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Trump's Lawyers Deny He Has Russian Income Or Debt, 'With A Few Exceptions'

President Trump's lawyers said that a decade's worth of his tax returns show he doesn't owe money to Russian lenders and that he has received no income from Russian sources, with "a few exceptions." Without copies of those returns, these statements cannot be verified.

In a letter released Friday, President Trump's lawyers said a decade's worth of his tax returns show that he doesn't owe money to Russian lenders and that he has received no income from Russian sources, "with a few exceptions."

The exceptions include this: "In 2008, Trump Properties LLC sold an estate in Florida, that it had acquired in 2005 for approximately $41 million, to a Russian billionaire for $95 million."

That buyer was Dmitry Rybolovlev, who never moved into the 62,000-square-foot mansion before tearing it down.

Another exception was the $12.2 million made from holding the Miss Universe pageant in Moscow in 2013, according to the letter signed by attorneys Sheri A. Dillon and William F. Nelson.

The lawyers also noted that Trump very likely has received undisclosed payments from Russians for hotel rooms, rounds of golf and Trump-licensed products, such as wine, ties and mattresses.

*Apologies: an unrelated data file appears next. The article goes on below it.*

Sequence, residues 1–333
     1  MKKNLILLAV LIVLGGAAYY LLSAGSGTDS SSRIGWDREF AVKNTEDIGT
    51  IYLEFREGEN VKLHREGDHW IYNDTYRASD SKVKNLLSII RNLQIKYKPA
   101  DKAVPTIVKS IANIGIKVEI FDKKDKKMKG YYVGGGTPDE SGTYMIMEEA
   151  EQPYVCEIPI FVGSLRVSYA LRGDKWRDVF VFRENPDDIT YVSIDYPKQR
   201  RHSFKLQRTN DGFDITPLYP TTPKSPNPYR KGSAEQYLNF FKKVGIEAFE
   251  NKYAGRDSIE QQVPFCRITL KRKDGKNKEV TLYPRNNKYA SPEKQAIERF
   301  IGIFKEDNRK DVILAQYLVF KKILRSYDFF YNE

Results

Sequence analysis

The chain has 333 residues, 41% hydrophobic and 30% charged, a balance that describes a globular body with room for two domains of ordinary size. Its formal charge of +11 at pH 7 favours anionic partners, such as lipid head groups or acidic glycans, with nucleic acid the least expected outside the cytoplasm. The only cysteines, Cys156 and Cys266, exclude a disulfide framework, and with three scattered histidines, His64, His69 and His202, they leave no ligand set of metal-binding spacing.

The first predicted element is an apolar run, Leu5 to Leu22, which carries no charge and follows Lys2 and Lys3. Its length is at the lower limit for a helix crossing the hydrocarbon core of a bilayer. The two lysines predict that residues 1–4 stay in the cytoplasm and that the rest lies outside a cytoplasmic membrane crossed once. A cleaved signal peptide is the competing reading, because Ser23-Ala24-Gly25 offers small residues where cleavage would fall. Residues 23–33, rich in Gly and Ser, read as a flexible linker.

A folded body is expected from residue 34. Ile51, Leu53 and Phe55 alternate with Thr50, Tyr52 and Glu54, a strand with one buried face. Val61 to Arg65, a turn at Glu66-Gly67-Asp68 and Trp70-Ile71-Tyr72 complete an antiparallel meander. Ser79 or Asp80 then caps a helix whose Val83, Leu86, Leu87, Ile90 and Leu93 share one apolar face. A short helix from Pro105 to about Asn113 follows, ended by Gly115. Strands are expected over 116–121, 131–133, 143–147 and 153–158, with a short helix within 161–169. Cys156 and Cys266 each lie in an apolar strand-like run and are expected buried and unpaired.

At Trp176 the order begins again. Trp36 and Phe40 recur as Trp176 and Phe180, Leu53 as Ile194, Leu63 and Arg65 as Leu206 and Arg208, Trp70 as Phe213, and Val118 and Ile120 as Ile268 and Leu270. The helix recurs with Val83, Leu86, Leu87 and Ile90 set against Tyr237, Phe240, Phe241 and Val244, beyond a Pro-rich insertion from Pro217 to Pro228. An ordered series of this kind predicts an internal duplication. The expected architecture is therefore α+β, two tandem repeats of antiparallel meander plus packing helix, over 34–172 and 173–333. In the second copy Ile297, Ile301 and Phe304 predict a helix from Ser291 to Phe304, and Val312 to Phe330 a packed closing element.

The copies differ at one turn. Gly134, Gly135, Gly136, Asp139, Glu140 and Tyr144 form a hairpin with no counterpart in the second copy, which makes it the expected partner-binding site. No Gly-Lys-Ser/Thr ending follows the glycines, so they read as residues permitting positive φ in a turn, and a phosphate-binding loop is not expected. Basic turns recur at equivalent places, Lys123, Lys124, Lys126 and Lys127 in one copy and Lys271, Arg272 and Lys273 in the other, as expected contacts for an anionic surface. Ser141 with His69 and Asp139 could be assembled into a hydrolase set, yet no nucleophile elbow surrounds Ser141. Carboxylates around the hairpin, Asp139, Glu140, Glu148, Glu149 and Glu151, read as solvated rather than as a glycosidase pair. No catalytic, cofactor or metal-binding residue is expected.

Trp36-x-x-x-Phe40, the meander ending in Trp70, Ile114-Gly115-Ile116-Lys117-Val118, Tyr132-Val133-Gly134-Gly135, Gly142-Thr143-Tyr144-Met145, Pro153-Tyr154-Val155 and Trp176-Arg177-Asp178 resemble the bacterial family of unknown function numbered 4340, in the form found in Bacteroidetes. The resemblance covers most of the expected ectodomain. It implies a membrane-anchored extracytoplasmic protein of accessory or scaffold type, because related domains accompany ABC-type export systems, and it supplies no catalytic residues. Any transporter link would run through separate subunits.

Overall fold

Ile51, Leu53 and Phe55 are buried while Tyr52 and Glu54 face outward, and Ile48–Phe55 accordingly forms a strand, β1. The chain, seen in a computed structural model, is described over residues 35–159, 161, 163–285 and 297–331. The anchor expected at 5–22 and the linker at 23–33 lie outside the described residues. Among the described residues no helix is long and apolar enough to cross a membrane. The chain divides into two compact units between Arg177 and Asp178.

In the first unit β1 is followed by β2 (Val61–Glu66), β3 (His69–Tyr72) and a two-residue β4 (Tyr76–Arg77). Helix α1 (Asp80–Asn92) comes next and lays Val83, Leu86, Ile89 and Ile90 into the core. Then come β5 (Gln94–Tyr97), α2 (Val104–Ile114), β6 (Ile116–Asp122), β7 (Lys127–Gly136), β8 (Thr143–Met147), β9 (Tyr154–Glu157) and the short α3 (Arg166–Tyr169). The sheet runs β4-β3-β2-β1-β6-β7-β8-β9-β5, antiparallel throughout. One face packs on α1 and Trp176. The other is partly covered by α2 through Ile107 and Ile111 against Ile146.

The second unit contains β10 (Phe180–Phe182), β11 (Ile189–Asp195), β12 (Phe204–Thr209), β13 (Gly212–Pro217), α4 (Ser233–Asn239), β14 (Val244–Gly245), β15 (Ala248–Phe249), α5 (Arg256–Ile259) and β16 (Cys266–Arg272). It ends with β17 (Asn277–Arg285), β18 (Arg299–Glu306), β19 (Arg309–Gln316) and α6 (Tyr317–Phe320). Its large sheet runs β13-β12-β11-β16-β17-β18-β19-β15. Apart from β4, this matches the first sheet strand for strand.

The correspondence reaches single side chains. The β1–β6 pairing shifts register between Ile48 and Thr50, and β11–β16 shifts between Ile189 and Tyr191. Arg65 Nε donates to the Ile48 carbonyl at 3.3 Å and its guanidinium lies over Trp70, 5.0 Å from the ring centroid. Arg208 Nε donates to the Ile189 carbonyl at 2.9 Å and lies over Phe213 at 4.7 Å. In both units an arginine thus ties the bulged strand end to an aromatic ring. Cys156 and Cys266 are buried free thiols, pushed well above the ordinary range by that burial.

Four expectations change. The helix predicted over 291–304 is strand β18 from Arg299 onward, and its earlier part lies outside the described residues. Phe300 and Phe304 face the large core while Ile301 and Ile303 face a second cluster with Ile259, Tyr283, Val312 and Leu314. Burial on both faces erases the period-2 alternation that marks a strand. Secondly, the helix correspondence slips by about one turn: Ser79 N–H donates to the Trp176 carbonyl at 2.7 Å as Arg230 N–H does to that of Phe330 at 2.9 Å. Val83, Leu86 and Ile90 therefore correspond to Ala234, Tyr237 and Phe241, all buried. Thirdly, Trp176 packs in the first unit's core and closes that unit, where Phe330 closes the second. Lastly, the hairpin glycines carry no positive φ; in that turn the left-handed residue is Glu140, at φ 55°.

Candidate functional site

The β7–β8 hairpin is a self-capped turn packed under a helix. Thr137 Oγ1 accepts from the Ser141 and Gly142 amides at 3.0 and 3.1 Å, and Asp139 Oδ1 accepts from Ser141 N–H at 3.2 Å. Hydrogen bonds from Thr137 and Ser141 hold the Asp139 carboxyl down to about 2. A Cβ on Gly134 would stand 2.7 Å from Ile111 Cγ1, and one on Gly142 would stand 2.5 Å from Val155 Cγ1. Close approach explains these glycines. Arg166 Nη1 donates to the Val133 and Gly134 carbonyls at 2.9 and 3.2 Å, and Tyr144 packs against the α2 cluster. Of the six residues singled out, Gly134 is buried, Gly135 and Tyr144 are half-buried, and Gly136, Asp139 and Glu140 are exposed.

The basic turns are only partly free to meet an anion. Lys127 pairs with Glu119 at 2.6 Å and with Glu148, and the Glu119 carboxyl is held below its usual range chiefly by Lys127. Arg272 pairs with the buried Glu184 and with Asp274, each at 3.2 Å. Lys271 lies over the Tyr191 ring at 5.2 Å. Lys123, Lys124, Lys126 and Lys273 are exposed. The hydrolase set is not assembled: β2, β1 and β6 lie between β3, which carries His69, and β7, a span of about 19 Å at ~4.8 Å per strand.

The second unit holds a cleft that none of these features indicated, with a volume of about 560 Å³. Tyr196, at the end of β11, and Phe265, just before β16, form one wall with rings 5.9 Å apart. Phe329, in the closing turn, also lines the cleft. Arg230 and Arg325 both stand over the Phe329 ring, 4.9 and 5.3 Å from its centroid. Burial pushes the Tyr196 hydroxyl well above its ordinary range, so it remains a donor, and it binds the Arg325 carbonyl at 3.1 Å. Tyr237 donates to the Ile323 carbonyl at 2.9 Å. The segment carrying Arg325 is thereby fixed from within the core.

The March 8 letter was addressed to Trump, who passed it along to Sen. Lindsey Graham, R-S.C. Trump mentioned it during his Thursday NBC News interview with Lester Holt, saying he had "nothing to do with Russia. I have no investments in Russia. None whatsoever."

Without copies of Trump's tax returns, the claims by his lawyers cannot be verified. The lawyers did not define "Russians." Many companies based in Russia use subsidiaries in other places, such as Cyprus or the British Virgin Islands, to conduct transactions overseas.

In an interview with The Economist this week, Trump dismissed calls for his tax returns. Asked whether he would release them, he replied: "I doubt it. I doubt it. Because they're not going to ... nobody cares about my tax return except for the reporters. Oh, at some point I'll release them. Maybe I'll release them after I'm finished because I'm very proud of them actually."

In recent days, the Trump administration has been caught up in an intensifying swirl of questions about potential financial ties involving Russians, Trump and his associates.

The lawyers who wrote the letter about his finances are with the firm Morgan Lewis & Bockius, which was named "Russia Law Firm of the Year" for 2016 by Chambers & Partners, which ranks lawyers.

Copyright 2017 NPR. To see more, visit http://www.npr.org/.

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